Ancient Monuments

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Roman villa 630m south west of Starveall Farm

A Scheduled Monument in Bishopstone, Swindon

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Latitude: 51.5323 / 51°31'56"N

Longitude: -1.6274 / 1°37'38"W

OS Eastings: 425943.517579

OS Northings: 181556.168839

OS Grid: SU259815

Mapcode National: GBR 5X5.WXZ

Mapcode Global: VHC14.RR16

Entry Name: Roman villa 630m south west of Starveall Farm

Scheduled Date: 24 May 1956

Last Amended: 16 January 1998

Source: Historic England

Source ID: 1016309

English Heritage Legacy ID: 28957

County: Swindon

Civil Parish: Bishopstone

Traditional County: Wiltshire

Lieutenancy Area (Ceremonial County): Wiltshire

Church of England Parish: Bishopstone with Hinton Parva

Church of England Diocese: Bristol


The monument, which lies in two areas, includes the site of a Roman villa
located 630m south west of Starveall Farm, situated high on the North
Wiltshire chalkland just above the Ridgeway. The site occupies a north facing
slope with extensive views across the Ridgeway and the Upper Thames Valley.
Aerial photography in 1969 revealed a number of ditched enclosures surrounding
an area in which a tesselated pavement had come to light in 1938. Subsequent
geophysical survey and small scale excavation revealed a range of rooms and
corridors, including the remains of a hypocaust heating system. The walls are
up to 1m thick and constructed from mortared chalk block. Building debris
included much tile and wall plaster, and a small portion of a mosaic floor was
located. To the north west a rectangular building found by geophysical survey
was confirmed by small scale excavation, having a construction of mortared
chalk and flint block. The pattern of ditches visible from the air indicates
that the villa enclosure straddles the farm track and encloses a total area of
A linear feature, shown on aerial photographs to extend eastwards from the
north eastern corner of the monument is part of a field system and is not
included in the scheduling.
All fenceposts are excluded from the scheduling although the ground beneath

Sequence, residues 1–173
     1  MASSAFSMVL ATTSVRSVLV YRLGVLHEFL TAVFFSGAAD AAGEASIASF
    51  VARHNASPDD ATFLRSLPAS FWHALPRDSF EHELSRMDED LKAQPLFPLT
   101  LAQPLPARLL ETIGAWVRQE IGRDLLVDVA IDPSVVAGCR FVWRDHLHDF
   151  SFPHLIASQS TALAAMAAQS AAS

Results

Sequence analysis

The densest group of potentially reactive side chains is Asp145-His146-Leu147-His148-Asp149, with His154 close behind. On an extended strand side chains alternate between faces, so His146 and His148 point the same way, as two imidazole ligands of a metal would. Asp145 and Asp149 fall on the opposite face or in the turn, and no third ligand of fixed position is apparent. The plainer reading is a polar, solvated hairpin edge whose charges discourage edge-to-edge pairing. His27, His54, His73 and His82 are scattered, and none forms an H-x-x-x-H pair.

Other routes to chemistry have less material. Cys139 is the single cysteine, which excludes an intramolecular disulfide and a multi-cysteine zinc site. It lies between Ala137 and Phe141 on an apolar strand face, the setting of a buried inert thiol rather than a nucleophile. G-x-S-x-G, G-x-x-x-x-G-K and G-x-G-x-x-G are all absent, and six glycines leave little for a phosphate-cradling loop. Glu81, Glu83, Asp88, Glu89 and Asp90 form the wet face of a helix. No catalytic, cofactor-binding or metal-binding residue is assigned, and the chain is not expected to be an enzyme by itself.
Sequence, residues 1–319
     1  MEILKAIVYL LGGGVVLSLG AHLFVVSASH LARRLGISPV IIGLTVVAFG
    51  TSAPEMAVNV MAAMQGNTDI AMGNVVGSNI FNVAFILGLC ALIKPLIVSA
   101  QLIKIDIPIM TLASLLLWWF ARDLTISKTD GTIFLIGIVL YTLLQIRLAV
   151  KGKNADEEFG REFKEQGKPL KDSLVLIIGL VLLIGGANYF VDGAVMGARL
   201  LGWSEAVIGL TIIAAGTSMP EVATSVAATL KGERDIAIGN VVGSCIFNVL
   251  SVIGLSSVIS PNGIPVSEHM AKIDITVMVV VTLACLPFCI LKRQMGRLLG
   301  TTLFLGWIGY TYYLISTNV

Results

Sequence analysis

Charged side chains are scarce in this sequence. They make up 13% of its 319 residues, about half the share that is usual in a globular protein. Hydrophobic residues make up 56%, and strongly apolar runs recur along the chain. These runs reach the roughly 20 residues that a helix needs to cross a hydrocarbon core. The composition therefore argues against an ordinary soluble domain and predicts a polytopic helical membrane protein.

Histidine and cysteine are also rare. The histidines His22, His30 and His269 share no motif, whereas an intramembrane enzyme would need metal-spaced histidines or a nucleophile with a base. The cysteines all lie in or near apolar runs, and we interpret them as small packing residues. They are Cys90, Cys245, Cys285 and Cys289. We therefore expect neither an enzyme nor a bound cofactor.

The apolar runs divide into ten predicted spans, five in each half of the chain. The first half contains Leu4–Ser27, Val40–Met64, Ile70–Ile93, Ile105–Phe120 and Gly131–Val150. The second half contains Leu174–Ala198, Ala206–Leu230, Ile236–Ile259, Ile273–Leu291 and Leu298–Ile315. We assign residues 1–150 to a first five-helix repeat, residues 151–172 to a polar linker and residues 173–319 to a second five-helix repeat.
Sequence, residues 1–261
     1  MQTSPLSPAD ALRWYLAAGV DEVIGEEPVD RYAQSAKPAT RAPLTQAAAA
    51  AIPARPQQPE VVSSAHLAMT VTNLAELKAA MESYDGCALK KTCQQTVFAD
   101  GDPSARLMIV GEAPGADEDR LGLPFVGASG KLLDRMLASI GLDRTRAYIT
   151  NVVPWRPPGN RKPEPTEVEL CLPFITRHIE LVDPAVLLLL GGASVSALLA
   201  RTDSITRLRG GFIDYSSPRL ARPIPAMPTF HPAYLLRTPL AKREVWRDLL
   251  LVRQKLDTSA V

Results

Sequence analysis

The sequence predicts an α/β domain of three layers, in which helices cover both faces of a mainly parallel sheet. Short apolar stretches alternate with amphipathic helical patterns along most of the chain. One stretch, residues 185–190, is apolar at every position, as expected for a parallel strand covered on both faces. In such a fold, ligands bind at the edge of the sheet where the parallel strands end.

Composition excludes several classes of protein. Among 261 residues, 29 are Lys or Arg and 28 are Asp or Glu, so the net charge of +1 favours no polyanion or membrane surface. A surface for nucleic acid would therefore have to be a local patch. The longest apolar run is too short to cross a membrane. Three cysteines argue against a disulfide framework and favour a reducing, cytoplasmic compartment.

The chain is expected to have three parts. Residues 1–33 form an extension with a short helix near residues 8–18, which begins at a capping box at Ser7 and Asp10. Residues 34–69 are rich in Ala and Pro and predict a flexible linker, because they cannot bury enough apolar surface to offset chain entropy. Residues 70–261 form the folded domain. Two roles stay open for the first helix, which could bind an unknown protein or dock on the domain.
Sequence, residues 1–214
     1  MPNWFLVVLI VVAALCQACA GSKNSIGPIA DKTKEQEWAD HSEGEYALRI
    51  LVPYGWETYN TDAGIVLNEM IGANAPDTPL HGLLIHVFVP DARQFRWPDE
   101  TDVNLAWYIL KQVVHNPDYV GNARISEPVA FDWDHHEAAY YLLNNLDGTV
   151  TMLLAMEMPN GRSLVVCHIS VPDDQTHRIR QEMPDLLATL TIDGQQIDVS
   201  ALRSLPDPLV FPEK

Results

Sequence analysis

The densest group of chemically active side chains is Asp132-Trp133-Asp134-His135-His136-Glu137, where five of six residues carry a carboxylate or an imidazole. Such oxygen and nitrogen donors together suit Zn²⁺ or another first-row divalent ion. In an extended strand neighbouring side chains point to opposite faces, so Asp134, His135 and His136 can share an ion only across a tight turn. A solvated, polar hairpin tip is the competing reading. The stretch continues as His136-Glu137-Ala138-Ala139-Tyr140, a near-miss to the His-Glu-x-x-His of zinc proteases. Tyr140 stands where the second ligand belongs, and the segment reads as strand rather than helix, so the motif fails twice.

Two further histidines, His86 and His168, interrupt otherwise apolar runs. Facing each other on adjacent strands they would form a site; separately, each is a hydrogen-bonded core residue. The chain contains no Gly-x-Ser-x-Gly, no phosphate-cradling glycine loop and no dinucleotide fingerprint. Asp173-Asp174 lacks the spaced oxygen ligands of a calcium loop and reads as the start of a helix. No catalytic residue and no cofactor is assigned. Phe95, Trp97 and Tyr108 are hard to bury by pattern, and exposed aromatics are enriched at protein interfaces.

these features is included.

The site of the monument is shown on the attached map extract.

Source: Historic England

Reasons for Scheduling

Romano-British villas were extensive rural estates at the focus of which were
groups of domestic, agricultural and occasionally industrial buildings. The
term "villa" is now commonly used to describe either the estate or the
buildings themselves. The buildings usually include a well-appointed dwelling
house, the design of which varies considerably according to the needs, taste
and prosperity of the occupier. Most of the houses were partly or wholly
stone-built, many with a timber-framed superstructure on masonry footings.
Roofs were generally tiled and the house could feature tiled or mosaic floors,
underfloor heating, wall plaster, glazed windows and cellars. Many had
integral or separate suites of heated baths. The house was usually accompanied
by a range of buildings providing accommodation for farm labourers, workshops
and storage for agricultural produce. These were arranged around or alongside
a courtyard and were surrounded by a complex of paddocks, pens, yards and
features such as vegetable plots, granaries, threshing floors, wells and
hearths, all approached by tracks leading from the surrounding fields. Villa
buildings were constructed throughout the period of Roman occupation, from the
first to the fourth centuries AD. They are usually complex structures occupied
over several hundred years and continually remodelled to fit changing
circumstances. They could serve a wide variety of uses alongside agricultural
activities, including administrative, recreational and craft functions, and
this is reflected in the considerable diversity in their plan. The least
elaborate villas served as simple farmhouses whilst, for the most complex, the
term "palace" is not inappropriate. Villa owners tended to be drawn from a
limited elite section of Romano-British society. Although some villas belonged
to immigrant Roman officials or entrepreneurs, the majority seem to have been
in the hands of wealthy natives with a more-or-less Romanised lifestyle, and
some were built directly on the sites of Iron Age farmsteads. Roman villa
buildings are widespread, with between 400 and 1000 examples recorded
nationally. The majority of these are classified as `minor' villas to
distinguish them from `major' villas. The latter were a very small group of
extremely substantial and opulent villas built by the very wealthiest members
of Romano-British society. Minor villas are found throughout lowland Britain
and occasionally beyond. Roman villas provide a valuable index of the rate,
extent and degree to which native British society became Romanised, as well as
indicating the sources of inspiration behind changes of taste and custom. In
addition, they serve to illustrate the agrarian and economic history of the
Roman province, allowing comparisons over wide areas both within and beyond
Britain. As a very diverse and often long-lived type of monument, a
significant proportion of the known population are identified as nationally

The Roman villa 630m south west of Starveall Farm has been shown by small
scale excavation to survive well and contain archaeological and environmental
deposits relating to the monument and the landscape in which it was

Source: Historic England


Books and journals
Phillips, B, 'Wiltshire Archaeological Magazine' in Starveall Farm, Romano-British Villa, , Vol. 74/75, (1981), 40-55

Source: Historic England

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